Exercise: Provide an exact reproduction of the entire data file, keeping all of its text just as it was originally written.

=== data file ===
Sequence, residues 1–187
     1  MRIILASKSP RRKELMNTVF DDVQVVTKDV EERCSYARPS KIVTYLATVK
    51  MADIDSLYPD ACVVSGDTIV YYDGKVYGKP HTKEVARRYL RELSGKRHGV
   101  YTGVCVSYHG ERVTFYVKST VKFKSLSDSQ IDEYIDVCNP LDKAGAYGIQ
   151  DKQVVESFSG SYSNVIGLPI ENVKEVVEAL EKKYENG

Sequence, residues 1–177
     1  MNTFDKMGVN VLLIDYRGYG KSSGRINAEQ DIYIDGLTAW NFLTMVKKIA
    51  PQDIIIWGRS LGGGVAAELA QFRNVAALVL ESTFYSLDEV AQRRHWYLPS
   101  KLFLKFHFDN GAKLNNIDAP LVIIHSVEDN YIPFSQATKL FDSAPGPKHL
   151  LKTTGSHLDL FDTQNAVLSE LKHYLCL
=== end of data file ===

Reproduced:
Sequence, residues 1–187
     1  MRIILASKSP RRKELMNTVF DDVQVVTKDV EERCSYARPS KIVTYLATVK
    51  MADIDSLYPD ACVVSGDTIV YYDGKVYGKP HTKEVARRYL RELSGKRHGV
   101  YTGVCVSYHG ERVTFYVKST VKFKSLSDSQ IDEYIDVCNP LDKAGAYGIQ
   151  DKQVVESFSG SYSNVIGLPI ENVKEVVEAL EKKYENG

Sequence, residues 1–177
     1  MNTFDKMGVN VLLIDYRGYG KSSGRINAEQ DIYIDGLTAW NFLTMVKKIA
    51  PQDIIIWGRS LGGGVAAELA QFRNVAALVL ESTFYSLDEV AQRRHWYLPS
   101  KLFLKFHFDN GAKLNNIDAP LVIIHSVEDN YIPFSQATKL FDSAPGPKHL
   151  LKTTGSHLDL FDTQNAVLSE LKHYLCL